Provides biographies, bibliographies and scholarly articles on novelists, poets, essayists, and other writers, with in-depth coverage of highly-studied authors.
Johns Hopkins Guide to Literary Theory & Criticism
This link opens in a new window
This link opens in a new window
A full-text searchable database of articles on individual critics and theorists, critical and theoretical schools and movements, and the critical and theoretical innovations of specific countries and historical periods. It also treats related persons and fields that have been shaped by or have themselves shaped literary theory and criticism. Each entry includes a selective primary and secondary bibliography.
Lyrical Ballads (1798) is a work of huge cultural and literary significance. The volume of poetry, in which Coleridge's Rime of the Ancyent Marinere and Wordsworth's Lines written above Tintern Abbey were first published, lies at the heart of British Romanticism, establishing a poetics of powerful feeling, that is, nonetheless, expressed in direct, conversational language and exploring the everyday realities of common life. This engaging, accessible collection provides a comprehensive overview of current approaches to Lyrical Ballads, enabling readers to find fresh ways of understanding and responding to the volume. Sally Bushell's introduction explores how the Preface to the second edition (1800) became a potent manifesto for the Romantic movement. Broad in scope, the Companion includes accessible essays on Wordsworth's experiments with language and metre, ecocritical approaches, the reception of the volume in America and more; furnishing students and scholars with a range of entry points to this seminal text.
The Oxford Handbook of William Wordsworth deploys its forty-seven original essays to present a stimulating account of Wordsworth's life and achievement and to map new directions in criticism. In addition to twenty-two essays wholly on Wordsworth's poetry, other essays return to the poetry while exploring other dimensions of the life and work of the major Romantic poet. The result is a dialogic exploration of many major texts and problems in Wordsworth scholarship. This uniquely comprehensive handbook is structured so as to present, in turn, Wordsworth's life, career, and networks; aspects of the major lyrical and narrative poetry; components of 'The Recluse'; his poetical inheritance and his transformation of poetics; the variety of intellectual influences upon his work, from classical republican thought to modern science; his shaping of modern culture in such fields as gender, landscape, psychology, ethics, politics, religion, and ecology; and his 19th- and 20th-century reception-most importantly by poets, but also in modern criticism and scholarship.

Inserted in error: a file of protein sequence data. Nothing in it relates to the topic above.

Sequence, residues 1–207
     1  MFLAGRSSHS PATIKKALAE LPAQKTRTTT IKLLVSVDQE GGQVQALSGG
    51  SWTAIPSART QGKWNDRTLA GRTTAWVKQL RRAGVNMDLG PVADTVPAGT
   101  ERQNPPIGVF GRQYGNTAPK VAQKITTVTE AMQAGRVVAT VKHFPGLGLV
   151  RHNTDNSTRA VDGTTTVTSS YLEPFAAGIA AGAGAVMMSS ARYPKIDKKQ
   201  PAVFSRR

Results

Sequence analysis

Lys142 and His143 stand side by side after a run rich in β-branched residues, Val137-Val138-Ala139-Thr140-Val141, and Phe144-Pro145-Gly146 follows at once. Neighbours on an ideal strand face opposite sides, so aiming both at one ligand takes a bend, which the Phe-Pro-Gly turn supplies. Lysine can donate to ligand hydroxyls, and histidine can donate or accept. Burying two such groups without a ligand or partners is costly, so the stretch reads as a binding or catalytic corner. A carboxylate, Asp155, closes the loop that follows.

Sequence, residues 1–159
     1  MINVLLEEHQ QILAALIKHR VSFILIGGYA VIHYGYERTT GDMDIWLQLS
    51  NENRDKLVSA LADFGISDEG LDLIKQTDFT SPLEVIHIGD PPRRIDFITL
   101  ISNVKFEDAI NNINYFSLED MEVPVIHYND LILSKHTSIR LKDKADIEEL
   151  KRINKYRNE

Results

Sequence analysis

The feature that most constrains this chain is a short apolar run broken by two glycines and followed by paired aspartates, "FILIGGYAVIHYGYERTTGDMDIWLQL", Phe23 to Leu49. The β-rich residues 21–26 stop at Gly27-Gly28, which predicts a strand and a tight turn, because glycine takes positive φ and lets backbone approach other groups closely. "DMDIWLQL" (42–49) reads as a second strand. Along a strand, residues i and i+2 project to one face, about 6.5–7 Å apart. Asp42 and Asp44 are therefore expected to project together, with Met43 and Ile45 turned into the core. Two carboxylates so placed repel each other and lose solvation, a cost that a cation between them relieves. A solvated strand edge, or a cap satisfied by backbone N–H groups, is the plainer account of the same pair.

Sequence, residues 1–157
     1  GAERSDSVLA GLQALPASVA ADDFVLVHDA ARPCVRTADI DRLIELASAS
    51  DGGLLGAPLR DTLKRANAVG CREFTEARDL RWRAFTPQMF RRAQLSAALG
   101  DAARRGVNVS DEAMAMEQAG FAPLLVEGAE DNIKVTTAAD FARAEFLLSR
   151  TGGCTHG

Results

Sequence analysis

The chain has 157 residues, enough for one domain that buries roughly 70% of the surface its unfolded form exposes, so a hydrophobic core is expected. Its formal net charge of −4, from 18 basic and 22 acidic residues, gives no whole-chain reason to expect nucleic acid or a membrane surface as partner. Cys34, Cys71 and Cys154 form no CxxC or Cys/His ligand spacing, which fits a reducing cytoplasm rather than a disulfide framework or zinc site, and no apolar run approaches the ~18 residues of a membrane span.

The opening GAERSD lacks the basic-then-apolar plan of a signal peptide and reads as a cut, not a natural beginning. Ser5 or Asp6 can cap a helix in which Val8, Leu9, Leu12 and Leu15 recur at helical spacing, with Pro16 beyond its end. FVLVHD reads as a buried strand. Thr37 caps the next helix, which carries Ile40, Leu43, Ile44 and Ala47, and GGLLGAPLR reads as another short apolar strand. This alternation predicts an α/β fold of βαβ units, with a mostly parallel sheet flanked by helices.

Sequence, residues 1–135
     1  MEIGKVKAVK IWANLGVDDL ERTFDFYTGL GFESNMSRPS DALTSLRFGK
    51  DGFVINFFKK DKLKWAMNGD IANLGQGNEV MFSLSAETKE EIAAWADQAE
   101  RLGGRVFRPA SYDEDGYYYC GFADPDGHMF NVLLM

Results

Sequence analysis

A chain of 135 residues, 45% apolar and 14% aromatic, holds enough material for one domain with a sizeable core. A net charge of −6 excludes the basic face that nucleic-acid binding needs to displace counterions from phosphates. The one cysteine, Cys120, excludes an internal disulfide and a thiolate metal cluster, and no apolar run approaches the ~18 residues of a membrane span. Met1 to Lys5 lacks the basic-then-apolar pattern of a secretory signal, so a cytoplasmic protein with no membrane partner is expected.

This second edition of The Cambridge Companion to George Eliot includes several new chapters, providing an essential introduction to all aspects of Eliot's life and writing. Accessible essays by some of the most distinguished scholars of Victorian literature provide lucid and original insights into the work of one of the most important writers of the nineteenth century, author most famously of Middlemarch, Adam Bede, The Mill on the Floss, and Daniel Deronda. From an introduction that traces her originality as a realist novelist, the book moves on to extensive considerations of each of Eliot's novels, her life and her publishing history. Chapters address the problems of money, philosophy, religion, politics, gender and science, as they are developed in her novels. With its supplementary materials, including a chronology and an extensive section of suggested readings, this Companion is an invaluable tool for scholars and students alike.
As the author of The Mill on the Floss and Middlemarch, George Eliot was one of the most admired novelists of the Victorian period, and she remains a central figure in the literary canon today. She was the first woman to take on the kind of political and philosophical fiction that had previously been a male preserve, combining rigorous intellectual ideas with a sensitive understanding of human relationships and making her one of the most important writers of the nineteenth century. This innovative introduction provides students with the religious, political, scientific and cultural contexts they need to understand and appreciate her novels, stories, poetry and critical essays. Nancy Henry also traces the reception of her work to the present, surveying a range of critical and theoretical responses. Each novel is discussed in a separate section, making this the most comprehensive short introduction available to this important author.